European shares closed in positive territory Tuesday, lifted by data showing continued gradual improvement in the U.S. economy, but ongoing worries over Cyprus kept a damper on gains.
The FTSEurofirst 300 Index closed up 0.2 percent at 1,188.89, after a see-saw session which saw investors unsettled by concern that a rescue plan for Cyprus might turn out to be a template for other euro zone economies requiring bailouts.
Brightening the mood, data showed demand for long-lasting U.S. manufactured goods surged in February, suggesting factory activity continued to expand at a moderate pace, even though a gauge of planned business spending slipped.
"Markets are struggling to find direction due to the confusing position taken by authorities in relation to Cyprus although they're continuing to react to positive data from the United States," Henk Potts, market strategist at Barclays, said. "The corporate fundamentals remain very supportive indeed. Any signs of weakness should be used to gain exposure to an asset class that we think will continue to outperform in the medium to long term."
On Monday, a relief rally was curbed late in the trading day as Jeroen Dijsselbloem, head of the Eurogroup, told reporters that the rescue plan for Cyprus could serve as a model for dealing with future banking crises in the euro zone.
(Read More: Markets Jarred by Mixed Message From Europe)
The 10 billion euro ($13 billion) bailout for the Cypriot banking sector involves the winding down of Cyprus' second largest lender, the Popular Bank of Cyprus, and imposes a levy on uninsured deposits over 100,000 euros ($130,000) in Cypriot banks.
Later Dijsselbloem clarified that Cyprus was a "special case" due to the island's oversized banking sector.
Meanwhile, Michael Sarris, the Cypriot finance minister, told the BBC on Monday that large bank deposits above 100,000 euros could be taxed by as much as 40 percent.
(Read More: On the Lookout for Stray Comments From Europe)
Also in the country, the Bank of Cyprus has a new overseer in response to the recent bailout negotiations that has plagued the struggling island nation. A special administrator, Dinos Christofides, told Reuters news agency that he had been appointed on Monday night by the country's central bank.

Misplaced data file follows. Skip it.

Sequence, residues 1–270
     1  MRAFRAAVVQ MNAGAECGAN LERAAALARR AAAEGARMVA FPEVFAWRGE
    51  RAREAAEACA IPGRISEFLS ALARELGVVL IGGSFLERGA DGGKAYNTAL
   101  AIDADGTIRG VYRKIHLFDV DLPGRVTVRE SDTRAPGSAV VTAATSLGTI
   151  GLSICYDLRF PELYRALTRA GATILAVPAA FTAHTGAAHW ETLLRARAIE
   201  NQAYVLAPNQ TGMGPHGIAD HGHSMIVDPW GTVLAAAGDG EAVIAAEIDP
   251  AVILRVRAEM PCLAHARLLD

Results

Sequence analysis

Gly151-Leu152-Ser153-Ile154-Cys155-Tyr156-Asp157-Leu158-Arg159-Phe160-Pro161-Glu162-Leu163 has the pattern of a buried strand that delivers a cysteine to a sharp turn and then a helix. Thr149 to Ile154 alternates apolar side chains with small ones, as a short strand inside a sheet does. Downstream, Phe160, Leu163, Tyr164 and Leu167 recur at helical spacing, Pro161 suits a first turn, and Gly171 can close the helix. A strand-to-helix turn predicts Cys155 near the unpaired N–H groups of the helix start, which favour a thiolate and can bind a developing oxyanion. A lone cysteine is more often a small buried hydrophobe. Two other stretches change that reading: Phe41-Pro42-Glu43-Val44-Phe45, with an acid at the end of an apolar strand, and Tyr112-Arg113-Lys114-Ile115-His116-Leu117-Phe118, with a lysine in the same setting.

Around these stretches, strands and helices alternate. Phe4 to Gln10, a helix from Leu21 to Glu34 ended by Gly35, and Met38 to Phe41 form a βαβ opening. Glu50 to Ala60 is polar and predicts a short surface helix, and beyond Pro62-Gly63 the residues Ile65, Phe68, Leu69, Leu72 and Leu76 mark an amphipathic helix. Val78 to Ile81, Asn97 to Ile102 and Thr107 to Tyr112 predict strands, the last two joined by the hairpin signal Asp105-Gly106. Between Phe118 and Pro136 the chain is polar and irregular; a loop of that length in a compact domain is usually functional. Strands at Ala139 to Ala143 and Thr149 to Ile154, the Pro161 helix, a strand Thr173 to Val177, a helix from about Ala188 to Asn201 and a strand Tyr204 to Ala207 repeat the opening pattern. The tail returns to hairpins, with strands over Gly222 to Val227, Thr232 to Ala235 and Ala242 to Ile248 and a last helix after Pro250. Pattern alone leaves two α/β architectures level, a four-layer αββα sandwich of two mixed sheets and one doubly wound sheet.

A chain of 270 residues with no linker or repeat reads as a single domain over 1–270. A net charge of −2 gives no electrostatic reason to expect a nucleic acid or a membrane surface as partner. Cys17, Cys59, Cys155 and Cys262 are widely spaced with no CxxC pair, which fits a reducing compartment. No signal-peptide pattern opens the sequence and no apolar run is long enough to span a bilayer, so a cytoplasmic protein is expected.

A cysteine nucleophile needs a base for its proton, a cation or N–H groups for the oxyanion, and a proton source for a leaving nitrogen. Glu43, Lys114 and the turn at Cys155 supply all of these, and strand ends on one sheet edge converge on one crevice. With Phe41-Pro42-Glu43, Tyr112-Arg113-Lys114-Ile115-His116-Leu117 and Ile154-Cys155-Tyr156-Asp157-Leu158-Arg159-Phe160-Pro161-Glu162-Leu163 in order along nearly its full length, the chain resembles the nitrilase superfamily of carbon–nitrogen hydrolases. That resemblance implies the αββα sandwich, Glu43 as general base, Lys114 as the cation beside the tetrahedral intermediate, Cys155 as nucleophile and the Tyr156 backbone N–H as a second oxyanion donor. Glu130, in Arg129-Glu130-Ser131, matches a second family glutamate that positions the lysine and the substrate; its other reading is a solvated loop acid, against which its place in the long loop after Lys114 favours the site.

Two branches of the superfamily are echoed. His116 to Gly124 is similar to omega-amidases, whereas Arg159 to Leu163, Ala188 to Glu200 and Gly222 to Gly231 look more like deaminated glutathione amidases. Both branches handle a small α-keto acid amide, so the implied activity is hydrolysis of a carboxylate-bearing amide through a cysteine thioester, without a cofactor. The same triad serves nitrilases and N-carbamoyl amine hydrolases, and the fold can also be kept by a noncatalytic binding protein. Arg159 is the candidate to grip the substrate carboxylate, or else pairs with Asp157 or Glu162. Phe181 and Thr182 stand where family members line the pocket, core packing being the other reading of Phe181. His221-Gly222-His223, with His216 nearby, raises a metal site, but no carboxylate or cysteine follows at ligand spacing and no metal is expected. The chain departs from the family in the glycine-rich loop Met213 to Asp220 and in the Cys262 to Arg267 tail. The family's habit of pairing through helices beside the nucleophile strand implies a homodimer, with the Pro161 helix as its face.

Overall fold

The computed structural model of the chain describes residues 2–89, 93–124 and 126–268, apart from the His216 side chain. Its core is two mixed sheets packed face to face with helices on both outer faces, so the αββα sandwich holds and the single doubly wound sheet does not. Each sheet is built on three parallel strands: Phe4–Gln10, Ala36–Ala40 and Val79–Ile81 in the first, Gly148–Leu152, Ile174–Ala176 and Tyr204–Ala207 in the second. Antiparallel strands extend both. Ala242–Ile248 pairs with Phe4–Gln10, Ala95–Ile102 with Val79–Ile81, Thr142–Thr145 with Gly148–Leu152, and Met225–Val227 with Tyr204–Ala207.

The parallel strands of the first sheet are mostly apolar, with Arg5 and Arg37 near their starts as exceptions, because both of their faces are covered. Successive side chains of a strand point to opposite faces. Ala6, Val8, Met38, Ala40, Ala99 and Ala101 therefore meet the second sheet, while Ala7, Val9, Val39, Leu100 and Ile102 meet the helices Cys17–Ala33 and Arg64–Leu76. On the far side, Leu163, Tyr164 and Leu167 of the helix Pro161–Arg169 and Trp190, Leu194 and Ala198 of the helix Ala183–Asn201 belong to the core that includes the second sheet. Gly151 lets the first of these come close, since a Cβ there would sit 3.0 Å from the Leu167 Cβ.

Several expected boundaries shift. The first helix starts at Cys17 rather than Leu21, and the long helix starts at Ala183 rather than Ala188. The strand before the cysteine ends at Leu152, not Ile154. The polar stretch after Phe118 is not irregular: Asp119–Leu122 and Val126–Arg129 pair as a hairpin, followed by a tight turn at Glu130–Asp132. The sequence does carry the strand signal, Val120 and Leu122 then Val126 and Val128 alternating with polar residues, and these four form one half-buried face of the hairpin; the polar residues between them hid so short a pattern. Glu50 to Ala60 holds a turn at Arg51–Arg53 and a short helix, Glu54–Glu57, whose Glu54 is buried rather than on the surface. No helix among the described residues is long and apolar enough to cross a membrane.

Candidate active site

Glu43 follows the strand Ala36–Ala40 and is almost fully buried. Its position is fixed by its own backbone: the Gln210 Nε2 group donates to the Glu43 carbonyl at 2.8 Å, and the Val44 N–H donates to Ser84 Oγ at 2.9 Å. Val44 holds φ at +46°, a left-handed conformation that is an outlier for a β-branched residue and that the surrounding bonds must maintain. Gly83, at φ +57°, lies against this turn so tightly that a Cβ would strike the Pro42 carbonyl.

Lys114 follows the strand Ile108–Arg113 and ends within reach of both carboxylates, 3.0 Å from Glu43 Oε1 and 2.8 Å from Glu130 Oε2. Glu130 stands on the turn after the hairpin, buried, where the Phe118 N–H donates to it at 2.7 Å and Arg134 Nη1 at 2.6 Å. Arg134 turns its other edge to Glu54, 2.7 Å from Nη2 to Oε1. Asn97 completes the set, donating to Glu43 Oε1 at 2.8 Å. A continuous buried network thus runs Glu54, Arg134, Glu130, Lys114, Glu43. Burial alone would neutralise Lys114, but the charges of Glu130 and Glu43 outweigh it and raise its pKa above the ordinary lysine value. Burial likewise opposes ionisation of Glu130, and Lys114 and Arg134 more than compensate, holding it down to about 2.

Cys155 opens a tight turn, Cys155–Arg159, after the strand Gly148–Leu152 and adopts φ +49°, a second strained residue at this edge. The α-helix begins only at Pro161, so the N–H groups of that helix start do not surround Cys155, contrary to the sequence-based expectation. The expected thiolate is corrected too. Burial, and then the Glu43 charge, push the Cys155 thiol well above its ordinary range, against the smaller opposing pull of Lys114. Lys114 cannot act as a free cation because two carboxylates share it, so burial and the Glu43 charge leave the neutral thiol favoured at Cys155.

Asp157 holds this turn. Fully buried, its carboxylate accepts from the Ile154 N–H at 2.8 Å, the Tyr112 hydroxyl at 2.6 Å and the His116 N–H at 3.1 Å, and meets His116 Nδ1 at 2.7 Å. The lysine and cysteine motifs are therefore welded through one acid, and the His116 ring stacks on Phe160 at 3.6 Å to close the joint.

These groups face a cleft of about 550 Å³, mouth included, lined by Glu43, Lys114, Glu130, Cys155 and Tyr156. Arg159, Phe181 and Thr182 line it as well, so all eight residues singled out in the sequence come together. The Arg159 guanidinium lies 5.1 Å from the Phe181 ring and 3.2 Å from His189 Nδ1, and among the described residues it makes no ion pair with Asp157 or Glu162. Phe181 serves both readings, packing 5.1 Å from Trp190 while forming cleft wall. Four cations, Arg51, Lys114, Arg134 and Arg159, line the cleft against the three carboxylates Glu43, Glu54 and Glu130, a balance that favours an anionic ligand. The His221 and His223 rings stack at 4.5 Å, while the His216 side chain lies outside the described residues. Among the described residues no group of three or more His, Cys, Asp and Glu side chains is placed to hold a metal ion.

In Asia, Shanghai shares slipped on Tuesday as investors sold off financials on liquidity concerns, while the rest of Asia's stock markets fell as concerns grew that Cyprus's bailout could be used as a template for future rescue plans.
Among economic data released on Tuesday, consumer confidence in France showed a slide from a figure of 84 in March against 86 in February. The consensus was for a figure of 85.
In stocks news, payment solutions group Ingenico released its 2016 business plan on Monday; shares climbed 3.86 percent.
Exane BNP raised its price target for Schroders and upgraded it to a "neutral" rating; shares in the asset management company rose by 3.83 percent. It agreed to buy rival Cazenove Capital on Monday.
Retail group Kingfisher posted full-year results that were in line with expectations. Profit fell 11 percent due to adverse weather and currency depreciation; shares rose by 1.73 percent.
A Merrill Lynch downgrade forced a sell-off in 's stock. Shares fell 5.63 percent and were one of the most traded stocks on the Euro Stoxx 600 on Tuesday morning.
London-listed miner Kazakhmys announced it was taking a bigger-than-expected impairment on its 20 percent stake of fellow mining company ENRC; shares fell 10.01 percent.
SBM Offshore posted the biggest gains across European indexes as it announced it had won a contract from Petrobas to build two oil platforms; shares climbed 3.92 percent.